Updated CMS Policy Changes Medicare Set-Aside Seed Calculation

April 29, 2021

book marked by sticky notes illustrating changes Section 111 reporting on ORM

An updated CMS policy change to the Workers’ Compensation MSA Reference Guide changes the Medicare Set-Aside seed calculation

On April 19, 2021, the Centers for Medicare and Medicaid Services (CMS) released an updated Workers’ Compensation Medicare Set-Aside (WCMSA) Reference Guide, Version 3.3, which made a slight but notable addition to how the Medicare Set-Aside seed calculation seed amount is determined.  Specifically, CMS now requires the MSA seed amount to include the cost of the first surgery/procedure for each body part.  Previously, CMS accepted only one surgery in the seed even when there were additional surgeries for other body parts in the MSA allocation.

When settling parties choose to fund the MSA with an annuity, there is an initial deposit called the seed amount. The seed amount, under the prior rule, included the first two years of annual payments and, when applicable, the cost of the first surgery/procedure, the first replacement DME if the cost exceeds $500 and sometimes injections.

For example, an overall Medicare Set-Aside amount of $100,000 might breakdown to a $25,000 seed amount (with one surgery) with the remaining $75,000 placed in an annuity.

Under the new rule, requiring the Medicare Set-Aside seed calculation amount to include the first surgery for each body part does not change the overall MSA amount, but it puts more funds in the seed amount and less in the annuity. With the annuity less, the cost to the employer or carrier to fund the MSA will be more. In other words, taking the above example, where previously the seed amount was $25,000 (to include one surgery), the seed may now be $45,000 (to include two surgeries) with the annuity only funding $55,000.

CMS also made some other minor changes in this updated guide:

  • Updated the link to the CDC Life Expectancy table used by CMS (Section 10.3)
  • Added language confirming medication refills should be included when pricing intrathecal pumps (Section 9.4.5)
  • Noted that a Consent to Release “must be signed (by hand or electronically) with the full name of either the claimant, matching the claimant’s legal name, or by the claimant’s authorized representative, if documentation establishing the relationship is also provided. It must be a full signature, not initials.” (Section 10.2)
  • Clarified section regarding access to cases via the WCMSA Portal for Professional Administrators that were not the original submitters (Sections 16.2 and 19.4)
  • Updated the Major Medical Centers table for a Missouri entry (Appendix 7)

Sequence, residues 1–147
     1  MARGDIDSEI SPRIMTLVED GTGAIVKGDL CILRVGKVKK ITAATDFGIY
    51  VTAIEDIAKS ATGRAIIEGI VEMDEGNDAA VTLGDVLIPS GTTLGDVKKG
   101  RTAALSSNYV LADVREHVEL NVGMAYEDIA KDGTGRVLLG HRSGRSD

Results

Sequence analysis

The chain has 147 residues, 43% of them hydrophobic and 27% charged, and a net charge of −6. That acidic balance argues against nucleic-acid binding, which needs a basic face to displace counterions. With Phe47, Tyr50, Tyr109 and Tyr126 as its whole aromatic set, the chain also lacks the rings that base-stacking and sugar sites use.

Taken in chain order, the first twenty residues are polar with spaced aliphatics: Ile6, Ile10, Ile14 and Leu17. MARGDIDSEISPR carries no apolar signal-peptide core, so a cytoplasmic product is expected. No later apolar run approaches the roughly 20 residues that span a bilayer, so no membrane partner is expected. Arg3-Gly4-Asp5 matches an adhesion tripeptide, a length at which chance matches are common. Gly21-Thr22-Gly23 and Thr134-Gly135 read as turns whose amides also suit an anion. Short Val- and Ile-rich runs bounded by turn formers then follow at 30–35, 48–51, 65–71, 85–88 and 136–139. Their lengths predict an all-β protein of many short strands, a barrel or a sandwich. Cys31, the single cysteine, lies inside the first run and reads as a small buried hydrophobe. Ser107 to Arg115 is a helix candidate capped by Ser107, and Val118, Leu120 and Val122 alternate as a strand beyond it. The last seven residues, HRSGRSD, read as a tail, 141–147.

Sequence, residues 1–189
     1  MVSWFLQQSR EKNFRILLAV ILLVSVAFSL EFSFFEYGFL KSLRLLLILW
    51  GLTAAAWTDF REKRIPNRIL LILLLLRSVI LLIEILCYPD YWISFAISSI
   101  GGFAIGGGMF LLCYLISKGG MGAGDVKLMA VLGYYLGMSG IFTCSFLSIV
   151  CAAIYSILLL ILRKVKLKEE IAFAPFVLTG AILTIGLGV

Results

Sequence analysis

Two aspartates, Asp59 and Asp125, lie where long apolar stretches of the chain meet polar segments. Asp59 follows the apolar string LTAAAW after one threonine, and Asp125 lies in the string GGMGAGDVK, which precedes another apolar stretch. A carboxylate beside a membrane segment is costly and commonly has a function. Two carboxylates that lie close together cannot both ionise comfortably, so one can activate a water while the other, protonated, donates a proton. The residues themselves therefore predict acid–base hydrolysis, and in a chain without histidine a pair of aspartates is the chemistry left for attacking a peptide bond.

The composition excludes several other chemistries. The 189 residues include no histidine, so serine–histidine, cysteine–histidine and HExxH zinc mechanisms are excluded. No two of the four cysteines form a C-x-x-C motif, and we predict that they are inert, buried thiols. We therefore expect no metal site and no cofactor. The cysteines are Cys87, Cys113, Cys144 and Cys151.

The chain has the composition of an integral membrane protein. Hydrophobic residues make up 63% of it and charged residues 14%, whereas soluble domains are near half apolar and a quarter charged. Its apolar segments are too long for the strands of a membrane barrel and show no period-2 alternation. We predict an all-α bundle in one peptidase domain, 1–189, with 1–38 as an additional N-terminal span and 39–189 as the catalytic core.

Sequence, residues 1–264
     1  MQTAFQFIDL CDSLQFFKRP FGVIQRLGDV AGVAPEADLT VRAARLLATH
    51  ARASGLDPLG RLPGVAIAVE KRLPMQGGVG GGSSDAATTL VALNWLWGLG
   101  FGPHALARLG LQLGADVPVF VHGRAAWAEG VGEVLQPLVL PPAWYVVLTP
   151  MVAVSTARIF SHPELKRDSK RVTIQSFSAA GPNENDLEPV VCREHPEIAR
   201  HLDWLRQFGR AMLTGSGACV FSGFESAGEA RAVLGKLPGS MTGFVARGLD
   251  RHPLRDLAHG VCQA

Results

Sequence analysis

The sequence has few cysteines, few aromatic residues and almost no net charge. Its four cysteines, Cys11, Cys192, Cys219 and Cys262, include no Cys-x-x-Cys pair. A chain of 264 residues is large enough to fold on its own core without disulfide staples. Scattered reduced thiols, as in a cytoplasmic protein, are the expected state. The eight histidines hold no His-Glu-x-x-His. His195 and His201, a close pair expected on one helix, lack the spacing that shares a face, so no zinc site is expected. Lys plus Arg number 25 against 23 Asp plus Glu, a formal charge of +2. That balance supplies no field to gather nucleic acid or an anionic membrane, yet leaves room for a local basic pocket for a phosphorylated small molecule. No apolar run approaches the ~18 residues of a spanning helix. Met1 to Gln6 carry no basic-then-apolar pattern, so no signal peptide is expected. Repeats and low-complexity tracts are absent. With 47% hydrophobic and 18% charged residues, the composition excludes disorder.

• Added disclaimer to Appendix 4 stating that CMS does not endorse any of the listed products it uses for reference in calculating the MSA.
  • Noted that Conduent Strataware® was added to Appendix 4 as a tool for repricing medical bills to state mandated fee schedules, as well as usual, customary and recommend rates.

If you have any questions about these updates, please contact Tower’s Chief Compliance Officer, Dan Anders, at daniel.anders@towermsa.com or (888) 331-4941.

Related Prior Posts:

CMS Adds New Pricing Resource to WCMSA Reference Guide

CMS Expands MSA Amended Reviews & Modifies Consents to Release in Updated Reference Guide

Tower MSA Partners Completes SOC 2 Type II Audit

April 28, 2021

logo for AICPA. which conducts the SOC 2 Type II Audit

In our unwavering commitment to data privacy and security, Tower MSA Partners has completed its SOC 2 Type II audit. The SOC 2 Type II audit reports on a service organization’s non-financial reporting controls and processes as they relate to the Trust Services Criteria developed by the American Institute of Certified Public Accountants (AICPA). It tests the organization’s controls related to security, availability, processing integrity, confidentiality, and privacy over an extended period of time.

From the beginning, Tower has been committed to technology driven processes to bring efficiency and measured results to our clients.  The SOC 2 Type II attestation demonstrates how our corporate governance effectively assesses and manages risks and ensures the integrity of the systems and processes delivered by Tower and its business partners to execute the same high level of protection throughout the supply chain.  I’m extremely proud of this leadership team and its accomplishments.

Conducted by KirkpatrickPrice, the audit verified the fairness of the presentation of management’s description of the service organization’s system and the suitability of the design and operating effectiveness of the controls to achieve the related control objectives included in the description throughout a specified period.

“Tower delivers trust-based services to their clients, and by communicating the results of this audit, their clients can be assured of their reliance on its controls,” said KirkpatrickPrice President Joseph Kirkpatrick.

Related Prior Posts:

Tower MSA Partners Receives SOC 2 Type I Attestation

Building a Better Tower

CMS Updates Section 111 Model Language Form

April 26, 2021

Man signing a document to illustrate CMS updates to Section 111 Model Language Form

Recently, the Section 111 Model Language form was updated by the Centers for Medicare and Medicaid Services (CMS), The form is used by Responsible Reporting Entities (RREs) to collect the Medicare Beneficiary Identifier (MBI) and/or a Social Security Number (SSN) from claimants.  The SSN or MBI, along with the claimant’s First and Last Name, Gender, and Date of Birth, are needed by the RRE to query CMS to determine whether the claimant is a Medicare beneficiary for Section 111 Mandatory Insurer Reporting purposes.